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Dr. Alpana Mohta Ranka, MD, DNB, IFAAD, is a dual-board-certified dermatologist with over 90 research publications in peer-reviewed scientific journals.

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An easy, step-by-step guide to deep conditioning your hair

Updated: Jun 24, 2023


A woman washing her hair after deep conditioning.

Introduction

You've been dreading it, you want to get rid of those split ends and damaged ends. You don’t want to spend too much time on it but you also don’t want to damage your hair. Well, I have good news for you—deep conditioning is not only safe for short hair but also very effective at repairing defective strands of damaged hair. That’s why deep conditioning is such a popular treatment nowadays for women who want their hair to be smooth and healthy before going out in public.


Why is deep conditioning important

Deep conditioning is one of the most important things you can do to maintain your hair. You see, it’s not just about making sure it looks good or feeling nice in the shower—it actually helps your hair to look and feel better in general!

Deep conditioning involves applying a product that contains ingredients that repair damaged hair and help prevent further damage from happening. It also keeps moisture locked in for longer periods of time, which means less frizzing and breakage for you!


Deep conditioning versus ordinary conditioner

Most common conditioners only function on the outside of the hair shaft by softening the hair, smoothing the cuticles, reducing static, and in some circumstances assisting water retention in the cortex. They are unable to open up the hair cuticles. Some conditioning chemicals are left behind when conditioners are rinsed out, keeping hair silky.

If you have curly hair, it's possible that just water and a few oils can penetrate your hair's closed cuticles. According to the International Journal of Trichology, coconut oil, and olive oil are two oils that can pierce the cuticle.

Follow these recommendations to increase the efficiency and effectiveness of your deep conditioning treatment:

Apply a conditioner on damp hair

You should apply conditioner on damp hair, and it should contain coconut oil or olive oil among its constituents.

DIY options include applying curd or egg on your hair as a deep conditioner.

If the conditioner being used doesn't already contain these components, they can be quickly added. If you are using a deep conditioner, you can apply it from your roots all the way down to the hair tips. But if you are using your regular conditioner for the purpose of deep conditioning, it's best to keep the hair roots untouched and applying the product atleast one inch away from the scalp.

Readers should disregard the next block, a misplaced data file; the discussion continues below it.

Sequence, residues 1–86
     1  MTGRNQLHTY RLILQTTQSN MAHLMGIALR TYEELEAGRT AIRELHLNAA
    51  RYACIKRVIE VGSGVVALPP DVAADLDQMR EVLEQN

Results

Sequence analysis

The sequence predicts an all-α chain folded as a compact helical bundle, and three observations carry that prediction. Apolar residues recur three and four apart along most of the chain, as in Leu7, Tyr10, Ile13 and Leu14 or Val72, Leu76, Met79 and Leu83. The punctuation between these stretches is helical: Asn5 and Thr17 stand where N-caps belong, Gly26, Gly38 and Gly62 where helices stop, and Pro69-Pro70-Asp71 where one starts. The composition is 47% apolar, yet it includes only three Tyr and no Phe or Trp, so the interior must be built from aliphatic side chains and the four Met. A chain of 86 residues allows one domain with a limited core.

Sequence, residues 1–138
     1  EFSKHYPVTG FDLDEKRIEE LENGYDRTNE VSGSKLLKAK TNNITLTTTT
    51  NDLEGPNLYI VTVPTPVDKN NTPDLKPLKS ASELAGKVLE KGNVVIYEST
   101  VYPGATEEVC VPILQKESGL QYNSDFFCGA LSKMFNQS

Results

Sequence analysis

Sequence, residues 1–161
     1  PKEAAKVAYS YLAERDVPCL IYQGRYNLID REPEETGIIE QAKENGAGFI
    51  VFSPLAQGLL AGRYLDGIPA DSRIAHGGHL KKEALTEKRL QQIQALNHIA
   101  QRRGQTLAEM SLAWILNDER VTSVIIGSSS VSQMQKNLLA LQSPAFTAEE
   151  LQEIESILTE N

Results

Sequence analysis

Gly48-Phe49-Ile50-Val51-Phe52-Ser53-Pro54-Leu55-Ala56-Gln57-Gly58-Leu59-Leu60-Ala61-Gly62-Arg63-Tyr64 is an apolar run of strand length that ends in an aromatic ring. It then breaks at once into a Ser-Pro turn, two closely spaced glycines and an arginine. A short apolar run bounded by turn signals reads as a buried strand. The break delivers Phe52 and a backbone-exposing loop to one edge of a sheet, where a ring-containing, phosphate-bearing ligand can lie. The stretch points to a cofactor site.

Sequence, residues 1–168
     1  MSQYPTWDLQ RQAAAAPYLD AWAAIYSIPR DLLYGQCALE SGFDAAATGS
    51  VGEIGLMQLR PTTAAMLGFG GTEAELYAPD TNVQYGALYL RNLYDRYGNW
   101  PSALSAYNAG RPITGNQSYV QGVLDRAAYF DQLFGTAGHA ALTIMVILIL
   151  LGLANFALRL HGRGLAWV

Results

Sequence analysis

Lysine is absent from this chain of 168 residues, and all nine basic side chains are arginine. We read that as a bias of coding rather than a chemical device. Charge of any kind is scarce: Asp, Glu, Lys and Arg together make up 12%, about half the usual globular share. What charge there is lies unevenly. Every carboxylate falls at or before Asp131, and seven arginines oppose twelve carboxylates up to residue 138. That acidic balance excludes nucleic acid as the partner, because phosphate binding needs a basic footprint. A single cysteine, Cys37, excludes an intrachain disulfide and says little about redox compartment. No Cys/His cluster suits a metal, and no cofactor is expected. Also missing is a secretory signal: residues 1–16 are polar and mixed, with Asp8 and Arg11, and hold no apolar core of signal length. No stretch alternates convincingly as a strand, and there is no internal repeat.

The Palmer's Olive Oil Deep Conditioner is my quick fix whenever I am on the go!

Untangle your hair with a wide toothcomb

● Apply conditioner uniformly to all of the hair. It works best to divide the hair into small portions before applying conditioner to them.

● Use a wide tooth comb to untangle your hair.

● Start at the bottom and work your way up, don’t pull at it!

● When you are done with this step, apply more conditioner if desired.

Add some heat!

Warm water can be used to add heat. So, soak a towel in hot water, and squeeze out the extra water before putting it on your hair. Alternatively, you can also microwave a damp towel for 30 seconds before wrapping your hair in it.

Another thing you can do to help your hair stay warm is to add a shower cap. A shower cap is an easy way to keep your hair moist for longer, and it's also great for protecting your scalp from being dripped on by condensation. So, just sprinkle some warm water on your hair and put on a shower cap.


How long should you keep the deep conditioner on

It's up to you how long you want the conditioner to stay on your hair, but generally, 30 minutes is a good amount of time.

Wash the deep conditioner out with cold water

Now it's time to wash the deep conditioner out of your hair. While you can use warm water, this will help remove some of the nutrients and sealant from your hair. Therefore, it's best to use cold water for sealing in moisture and locking in all of those amazing ingredients that were put into your deep conditioner!

By washing with cold water (or even just rinsing), you'll be able to keep all of that goodness locked in while also removing any excess product from your strands.

Conclusion

Now that you know how to deep condition your hair, it’s time to get started! There are so many different methods and products out there that can make deep conditioning as easy or difficult as you want. But don’t let the options intimidate you—we hope this guide has given you some helpful tips on how best to approach this step in your routine. Now go forth and deep condition with confidence!

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